by Susie Steimle and Abigail Sterling

BRENTWOOD (KPIX) — Foster homes are supposed to provide temporary safe living arrangements for children who can’t stay safely with their own parents but often the children end up at even more risk.

Foster Family in Brentwood

“J” in his foster home with the Villanueva family in Brentwood. (CBS)

On a recent school night at the Villanueva house, a seven-year-old we’ll call ‘J’ is spending time with his parents and sisters Jasper and Sydney. He plays the recorder, jumps on a trampoline, shows off his electric cars, and looks forward to every kid’s dream vacation — Disneyland.

Things are blissfully normal, which is a brand new thing for J — he was just adopted.

“I am excited I’m going to stay with this family forever,” he said.

But J’s story is far from a fairy tale. His ever-after won’t always be happy … his before makes that impossible.

Two years ago his three-year-old biological sister Mariah died in a foster home in Stockton of a methamphetamine overdose.

According to documents KPIX obtained from San Joaquin County, J begged his foster mother Maria Moore to take Mariah to the hospital after hearing her “talking about spiders that weren’t there” and seeing how her “tummy was shaking really hard.”

Instead Moore put her down for a nap and found her “stiff and cold” hours later.

When an ambulance finally was called, paramedics say Mariah had already died.

“When I heard she went to the hospital I got wonders, bad wonders one of my most-worst fears happened,” said J.

It was a fear that J recognized, because he had seen his sister overdosing just a week before in the same foster home — a home the siblings had just been placed in.

“They had something they weren’t supposed to that she ate,” J said.

The first time Mariah ingested meth doctors at Stockton’s St. Joseph’s Medical Center were able to save her.

But the hospital and social workers then sent her right back to the same foster home.

“We are not talking about a single incident where something terrible happened and how could we have known, it happened twice! Somebody should have done something,” said Shannon Villanueva, J’s adoptive mother.

The story of Mariah’s death is extreme but it’s not unique. Inspection records of foster homes KPIX obtained from the state show hundreds of foster children are molested, beaten, locked in closets and denied food and clothing. During the past five years, 27 children in California have died from abuse and neglect in foster care.

“The big problem here is that no one knows — the press doesn’t know about it, the public doesn’t know about it, extended family and neighbors don’t know about it,” said Darren Kessler, the Villanueva family attorney.

Kessler says that, because the cases involve children, the information is protected by law — laws which often protect the system better than the children themselves.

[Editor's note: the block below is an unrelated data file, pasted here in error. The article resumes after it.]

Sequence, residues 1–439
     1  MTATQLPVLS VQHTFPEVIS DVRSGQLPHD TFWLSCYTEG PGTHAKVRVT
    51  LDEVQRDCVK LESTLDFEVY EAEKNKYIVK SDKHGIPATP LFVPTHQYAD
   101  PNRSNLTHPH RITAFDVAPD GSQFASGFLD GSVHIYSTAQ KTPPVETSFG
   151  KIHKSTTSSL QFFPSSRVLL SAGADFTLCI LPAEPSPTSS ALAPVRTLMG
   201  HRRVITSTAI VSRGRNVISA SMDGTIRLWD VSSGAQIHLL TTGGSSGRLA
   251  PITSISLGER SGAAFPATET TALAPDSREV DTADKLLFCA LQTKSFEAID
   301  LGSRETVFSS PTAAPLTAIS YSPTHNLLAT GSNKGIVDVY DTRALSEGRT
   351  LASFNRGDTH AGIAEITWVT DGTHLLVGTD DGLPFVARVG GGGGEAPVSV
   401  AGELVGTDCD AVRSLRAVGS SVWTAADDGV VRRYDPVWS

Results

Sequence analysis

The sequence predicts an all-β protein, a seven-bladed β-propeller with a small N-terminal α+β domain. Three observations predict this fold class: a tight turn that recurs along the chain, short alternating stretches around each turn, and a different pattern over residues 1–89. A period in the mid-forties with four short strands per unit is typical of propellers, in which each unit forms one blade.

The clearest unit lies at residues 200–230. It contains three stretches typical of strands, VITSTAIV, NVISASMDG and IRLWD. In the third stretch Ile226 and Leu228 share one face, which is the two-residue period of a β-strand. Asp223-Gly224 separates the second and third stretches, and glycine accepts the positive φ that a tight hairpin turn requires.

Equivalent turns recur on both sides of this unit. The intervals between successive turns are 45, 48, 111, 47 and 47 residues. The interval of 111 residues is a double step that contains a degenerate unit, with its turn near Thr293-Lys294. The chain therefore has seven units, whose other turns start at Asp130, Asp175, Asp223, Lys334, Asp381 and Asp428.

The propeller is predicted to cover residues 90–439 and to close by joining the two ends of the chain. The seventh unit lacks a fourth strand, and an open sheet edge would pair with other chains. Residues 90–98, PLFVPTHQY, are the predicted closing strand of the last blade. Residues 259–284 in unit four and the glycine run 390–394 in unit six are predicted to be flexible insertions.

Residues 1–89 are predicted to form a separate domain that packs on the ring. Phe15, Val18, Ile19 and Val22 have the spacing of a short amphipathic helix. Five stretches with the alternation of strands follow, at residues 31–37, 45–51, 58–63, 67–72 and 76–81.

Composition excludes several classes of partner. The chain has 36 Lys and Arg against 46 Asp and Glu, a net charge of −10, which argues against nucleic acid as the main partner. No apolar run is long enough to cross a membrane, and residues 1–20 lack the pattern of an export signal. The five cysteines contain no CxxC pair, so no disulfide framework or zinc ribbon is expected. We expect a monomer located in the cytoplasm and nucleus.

“There’s a conflict of interest of those who can and should reveal that information because, if they do and they’re responsible, they’re the ones getting in trouble,” said Kessler.

Take Mariah’s case: Police had been called to Maria Moore’s foster home 49 times in the 5 years prior to the little girl’s death for various disturbances, six of which were referred to child protective services.

Yet Triad family services, a foster care agency, still placed the siblings there. It even allowed Moore to continue fostering children and collecting money for six months after Mariah’s death. They declined to talk to KPIX.

Alameda County Social Services, the county agency that contracted with Triad to place the children, wouldn’t answer questions either.

Neither would the San Joaquin district attorney. Instead they sent us a statement saying “after careful review it was determined there were no charges against Ms. Moore.”

Back at the Villanueva house, not a day goes by that J doesn’t need to talk about his sister.

Shannon Villanueva says J blames himself.

“When he found out it was something she had gotten into, he said ‘I should have been watching her, I should have been with her.’ So he has a lot of survivors guilt,” Villanueva said.

Despite how hard the world has treated this seven-year-old boy, he’s not feeling sorry for himself or lonely.

“When someone passes away it doesn’t mean they’re gone. They’re still with you but it’s not like they’re with you in real life — they’re with you in everybody’s hearts,” J said.

The Villanuevas say they hope this story will convince other families to see the need and think about fostering. They are suing San Joaquin County and Mariah Moore on behalf of J, their newly-adopted son.

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